RAF Chinooks to return from Nepal having not been used

RAF Chinook helicopter flying to Nepal Image copyright Steve Lympany/DFID
Image caption The CH47 Chinook helicopters left the UK earlier this month

Three RAF Chinook helicopters sent to Nepal to help the aid effort in the country are to return to the UK having not been used, the government has said.

The CH47 Chinooks left the UK two weeks ago to help transport "life-saving aid supplies" and reach stranded victims "in desperate need" of help.

But the helicopters have been grounded in Delhi, in India, for the past week.

The Ministry of Defence said it was "disappointed", saying the decision had been made by the Nepalese government.

An MoD spokesman said the Nepalese government, while thanking the UK for the offer, had said the helicopters will not take part in the relief effort.

"We are disappointed that our Chinooks will not be supporting the World Food Programme's request for help in distributing aid but all decisions in relation to the relief effort are ultimately for the Government of Nepal to take," the spokesman said.


Image copyright Reuters
Image caption A young victim injured in the earthquake is carried from a US military helicopter

by Jonathan Beale, BBC defence correspondent

This seems to be a very strange decision. There is clearly a need for more helicopters in Nepal to deliver relief supplies.

The "disappointment" expressed by the British government hides stronger feelings and frustration.

They will be shared by the United Nations who need these helicopters now.

We don't yet know the reason why the Nepalese Government rejected the offer of help. There have been reports of concerns about the effect these twin rotor helicopters would have on the structurally weakened buildings.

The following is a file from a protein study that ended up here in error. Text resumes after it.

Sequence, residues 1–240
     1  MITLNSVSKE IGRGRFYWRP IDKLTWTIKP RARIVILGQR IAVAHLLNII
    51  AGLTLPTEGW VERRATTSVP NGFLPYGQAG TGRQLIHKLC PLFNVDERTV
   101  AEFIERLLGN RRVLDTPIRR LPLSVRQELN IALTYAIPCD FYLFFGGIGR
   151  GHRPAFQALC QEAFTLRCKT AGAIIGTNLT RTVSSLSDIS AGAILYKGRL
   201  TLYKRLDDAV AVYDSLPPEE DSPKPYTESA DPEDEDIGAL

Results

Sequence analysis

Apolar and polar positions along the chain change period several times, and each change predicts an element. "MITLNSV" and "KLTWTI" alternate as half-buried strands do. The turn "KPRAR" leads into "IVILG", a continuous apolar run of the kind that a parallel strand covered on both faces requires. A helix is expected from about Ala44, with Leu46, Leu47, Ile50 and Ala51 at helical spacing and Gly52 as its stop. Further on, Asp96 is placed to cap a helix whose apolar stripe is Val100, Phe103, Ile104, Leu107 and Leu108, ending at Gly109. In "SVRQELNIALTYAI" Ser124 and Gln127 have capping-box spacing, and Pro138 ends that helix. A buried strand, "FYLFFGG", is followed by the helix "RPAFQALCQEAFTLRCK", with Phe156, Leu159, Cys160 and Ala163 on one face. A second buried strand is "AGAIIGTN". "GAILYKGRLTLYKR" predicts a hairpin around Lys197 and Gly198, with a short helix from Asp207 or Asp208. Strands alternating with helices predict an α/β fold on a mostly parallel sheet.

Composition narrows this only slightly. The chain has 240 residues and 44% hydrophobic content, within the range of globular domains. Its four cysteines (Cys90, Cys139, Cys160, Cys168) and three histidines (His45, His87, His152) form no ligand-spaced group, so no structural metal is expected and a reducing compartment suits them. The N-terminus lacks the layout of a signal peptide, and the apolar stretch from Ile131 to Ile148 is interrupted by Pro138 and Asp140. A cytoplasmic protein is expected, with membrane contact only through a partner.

But the RAF crews are highly experienced in delivering aid in disaster zones.

Others have suggested that China or India might be opposed to the use of British military helicopters flying near their airspace.

But why then are US military helicopters are already operating in Nepal? RAF crews who have been on the ground in Delhi waiting to help for more than a week are not the only ones who will feel perplexed.

The aircraft were flown to Nepal after the country was hit by the devastating 7.8-magnitude earthquake of 25 April, killing more than 8,000 people.

On Tuesday, a second 7.3-magnitude quake killed at least 110 people.

Last week, the UK government said 92 additional Gurkhas had been deployed to Nepal to provide aid.

The Gurkhas, from the 36 Engineer Regiment based in Kent, have boosted the total number of UK military personnel in the region to almost 300.

British Army Gurkha engineers were also sent to Nepal on board a C-17 aircraft, along with 18 tonnes of aid supplies, and helped to provide safe drinking water for those who lost their homes in Nepal's capital Kathmandu.

Aid from the UK's Disasters Emergency Committee (DEC) has reached more than 60 villages, towns and camps in the weeks following the earthquake, which has also left more than 14,500 injured.

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